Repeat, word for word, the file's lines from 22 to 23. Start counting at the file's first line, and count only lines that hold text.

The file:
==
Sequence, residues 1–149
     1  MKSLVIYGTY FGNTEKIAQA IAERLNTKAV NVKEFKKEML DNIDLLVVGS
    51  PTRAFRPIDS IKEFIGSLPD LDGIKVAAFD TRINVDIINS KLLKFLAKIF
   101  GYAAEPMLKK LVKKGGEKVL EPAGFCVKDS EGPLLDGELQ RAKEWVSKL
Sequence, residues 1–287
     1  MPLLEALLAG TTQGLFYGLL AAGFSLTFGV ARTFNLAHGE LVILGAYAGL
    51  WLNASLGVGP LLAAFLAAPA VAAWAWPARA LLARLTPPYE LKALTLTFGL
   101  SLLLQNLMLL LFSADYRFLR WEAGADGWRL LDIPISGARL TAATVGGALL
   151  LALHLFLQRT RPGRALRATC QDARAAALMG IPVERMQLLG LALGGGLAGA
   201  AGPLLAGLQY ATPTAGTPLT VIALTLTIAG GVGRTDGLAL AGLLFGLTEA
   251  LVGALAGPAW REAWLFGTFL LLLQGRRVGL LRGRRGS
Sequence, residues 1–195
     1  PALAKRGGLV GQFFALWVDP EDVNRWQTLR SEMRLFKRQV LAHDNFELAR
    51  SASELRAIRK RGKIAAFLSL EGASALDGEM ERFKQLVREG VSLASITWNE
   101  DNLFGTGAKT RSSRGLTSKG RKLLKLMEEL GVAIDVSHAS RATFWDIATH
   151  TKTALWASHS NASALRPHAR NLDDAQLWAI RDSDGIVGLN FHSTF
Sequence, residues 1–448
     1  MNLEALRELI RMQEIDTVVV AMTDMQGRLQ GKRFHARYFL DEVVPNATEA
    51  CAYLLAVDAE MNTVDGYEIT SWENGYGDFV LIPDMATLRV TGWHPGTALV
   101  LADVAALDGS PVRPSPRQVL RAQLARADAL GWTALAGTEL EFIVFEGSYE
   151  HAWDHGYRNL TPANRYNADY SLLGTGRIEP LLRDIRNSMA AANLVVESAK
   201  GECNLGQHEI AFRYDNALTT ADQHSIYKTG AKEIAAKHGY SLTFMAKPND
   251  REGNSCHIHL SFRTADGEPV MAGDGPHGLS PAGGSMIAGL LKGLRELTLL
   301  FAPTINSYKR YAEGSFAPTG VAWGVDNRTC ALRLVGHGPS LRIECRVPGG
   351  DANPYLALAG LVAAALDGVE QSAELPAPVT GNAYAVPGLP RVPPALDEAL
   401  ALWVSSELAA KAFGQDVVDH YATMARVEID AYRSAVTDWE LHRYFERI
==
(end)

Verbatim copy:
   201  GECNLGQHEI AFRYDNALTT ADQHSIYKTG AKEIAAKHGY SLTFMAKPND
   251  REGNSCHIHL SFRTADGEPV MAGDGPHGLS PAGGSMIAGL LKGLRELTLL